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With the threshold of 200,000 deaths crossed Thursday, Mexico is the third country most bereaved by the Covid-19 pandemic after the United States and Brazil. While the vaccination campaign is unfolding in slow motion, the scenario of a third wave, a Brazilian variant, can no longer be ruled out. </p><div> <p>Mexico crossed the threshold of 200,000 bits of Covid-19 on Thursday March 25, a little over a year after the arrival of Covid-19 in this country. "Sadly, 200,211 people have died from complications from the disease," said José Luis Alomia, director of epidemiology at the Mexican Secretariat of Health.
Mexico’s death rate per 100,000 population is the 17th highest. The rate of death fluctuates between 200 and 1,000 per day. The number of infections exceeds 2.2 million for 126 million inhabitants.
We are very far from the initial forecasts of the government led by President Andres Manuel Lopez Obrador, who at the start of the epidemic predicted 8,000 deaths. Pragmatism requires, this estimate was subsequently quickly revised upwards with 35,000 and then 60,000 deaths, a scenario then qualified as “catastrophic”.
The specter of the third wave
The country, however, comes out of some nine weeks with figures giving hope for an improvement after the nightmare of January. Records of deaths and contaminations were then broken, hospitals were saturated, especially in the capital and its metropolitan area.
But the scenario of a third wave cannot be ruled out, the Brazilian variant, a much more virulent mutation of SARS-CoV-2, circulating in many Latin American countries.
The Mexican authorities indicate that they have so far identified only about ten cases of the British variant and no more than three cases of the Brazilian variant, in particular in a woman who returned from Brazil at the end of January and immediately placed in solitary confinement.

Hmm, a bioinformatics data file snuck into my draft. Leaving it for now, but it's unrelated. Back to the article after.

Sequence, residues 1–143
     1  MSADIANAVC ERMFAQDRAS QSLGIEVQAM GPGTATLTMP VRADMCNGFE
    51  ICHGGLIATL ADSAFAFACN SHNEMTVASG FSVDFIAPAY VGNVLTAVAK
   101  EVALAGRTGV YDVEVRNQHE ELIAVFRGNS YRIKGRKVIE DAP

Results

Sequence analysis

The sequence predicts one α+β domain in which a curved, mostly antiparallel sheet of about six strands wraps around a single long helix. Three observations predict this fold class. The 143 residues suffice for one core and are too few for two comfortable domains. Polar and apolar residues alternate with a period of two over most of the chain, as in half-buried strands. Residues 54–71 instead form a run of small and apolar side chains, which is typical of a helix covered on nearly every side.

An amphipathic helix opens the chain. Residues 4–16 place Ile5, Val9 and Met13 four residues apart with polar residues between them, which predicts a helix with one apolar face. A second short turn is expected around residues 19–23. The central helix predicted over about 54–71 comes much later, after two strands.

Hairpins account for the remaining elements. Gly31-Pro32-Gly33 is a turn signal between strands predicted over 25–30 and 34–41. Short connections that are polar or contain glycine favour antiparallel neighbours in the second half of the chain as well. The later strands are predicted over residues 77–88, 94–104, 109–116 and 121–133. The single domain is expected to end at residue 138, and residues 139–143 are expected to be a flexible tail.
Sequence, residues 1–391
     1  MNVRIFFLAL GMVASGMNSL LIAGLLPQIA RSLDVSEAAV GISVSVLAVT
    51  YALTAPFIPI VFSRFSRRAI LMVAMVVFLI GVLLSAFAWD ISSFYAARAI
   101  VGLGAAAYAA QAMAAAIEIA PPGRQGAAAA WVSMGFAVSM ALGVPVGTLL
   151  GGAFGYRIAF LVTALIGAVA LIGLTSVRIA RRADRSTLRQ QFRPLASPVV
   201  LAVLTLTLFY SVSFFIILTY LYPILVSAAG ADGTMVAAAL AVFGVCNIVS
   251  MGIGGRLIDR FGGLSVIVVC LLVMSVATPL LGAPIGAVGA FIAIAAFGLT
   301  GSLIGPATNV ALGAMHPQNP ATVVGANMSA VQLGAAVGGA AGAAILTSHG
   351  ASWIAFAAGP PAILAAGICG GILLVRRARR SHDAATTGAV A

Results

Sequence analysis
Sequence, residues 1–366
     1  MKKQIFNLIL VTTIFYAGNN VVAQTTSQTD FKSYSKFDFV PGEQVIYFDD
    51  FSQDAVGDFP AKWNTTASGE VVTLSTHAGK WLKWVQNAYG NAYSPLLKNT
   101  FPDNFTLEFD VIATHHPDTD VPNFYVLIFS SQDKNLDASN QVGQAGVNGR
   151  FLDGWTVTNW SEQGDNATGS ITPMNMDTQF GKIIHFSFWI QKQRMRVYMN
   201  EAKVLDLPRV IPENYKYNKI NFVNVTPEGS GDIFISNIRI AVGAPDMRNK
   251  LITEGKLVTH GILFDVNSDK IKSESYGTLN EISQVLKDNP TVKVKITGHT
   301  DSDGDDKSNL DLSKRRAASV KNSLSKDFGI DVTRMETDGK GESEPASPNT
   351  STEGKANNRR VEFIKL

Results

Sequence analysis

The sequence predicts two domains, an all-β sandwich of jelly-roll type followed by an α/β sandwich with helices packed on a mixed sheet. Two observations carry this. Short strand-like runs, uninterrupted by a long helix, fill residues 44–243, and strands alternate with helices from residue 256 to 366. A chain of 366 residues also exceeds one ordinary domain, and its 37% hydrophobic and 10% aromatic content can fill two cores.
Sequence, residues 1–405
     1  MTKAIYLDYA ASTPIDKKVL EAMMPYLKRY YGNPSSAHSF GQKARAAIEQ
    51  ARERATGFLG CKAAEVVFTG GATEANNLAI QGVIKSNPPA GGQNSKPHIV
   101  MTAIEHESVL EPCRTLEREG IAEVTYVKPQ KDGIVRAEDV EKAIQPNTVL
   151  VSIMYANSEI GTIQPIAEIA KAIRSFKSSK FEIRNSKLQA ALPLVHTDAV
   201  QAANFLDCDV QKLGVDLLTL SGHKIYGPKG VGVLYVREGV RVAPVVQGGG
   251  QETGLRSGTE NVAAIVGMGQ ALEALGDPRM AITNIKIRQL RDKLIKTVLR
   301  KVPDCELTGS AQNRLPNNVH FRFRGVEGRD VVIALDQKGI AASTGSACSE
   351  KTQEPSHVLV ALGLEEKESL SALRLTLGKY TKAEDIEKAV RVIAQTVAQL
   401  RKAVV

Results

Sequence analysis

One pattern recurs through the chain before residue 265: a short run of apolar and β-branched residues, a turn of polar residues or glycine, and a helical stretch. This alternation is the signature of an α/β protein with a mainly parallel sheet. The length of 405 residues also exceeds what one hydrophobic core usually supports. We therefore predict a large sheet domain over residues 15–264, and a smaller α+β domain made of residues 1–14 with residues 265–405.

Reluctant to make new forecasts, Hugo Lopez-Gatell, in charge of the government’s strategy against Covid-19, is content to issue a warning as millions of Mexicans are preparing for the Easter holidays. “There is no certainty, neither in Mexico, nor in the world, that the epidemic curve will gradually descend,” he said.
Vaccines drop by drop
Accused of laxity by his opponents, left-wing President Lopez Obrador replies that Mexico was among the first Latin American countries to launch a vaccination campaign on December 24, 2020. His administration claims to have invested some 3.6 billion dollars dollars in the fight against Covid-19.
“We are already at the bottom of the second wave. We must therefore take the opportunity to vaccinate in order to be protected in the event of a third wave,” said the president this week, whose popularity is maintained.
But this vaccination is progressing slowly. It concerns in priority the nursing staff and the objective is to cover all the elderly people by May. In three months, nearly 10 million doses arrived, of which 6.1 million were administered.
As for the economy, which experienced a historic drop of 8.5% in 2020 due to the pandemic, it appears to be rebounding. This month, the central bank revised its growth estimate for 2021 upwards, to a range of 3.3% to 4.8%.
Despite the intensity of the second wave, the authorities avoided an almost total closure like the one decreed a year ago. Many sectors of the economy remain active despite the restrictions.
Source site www.france24.com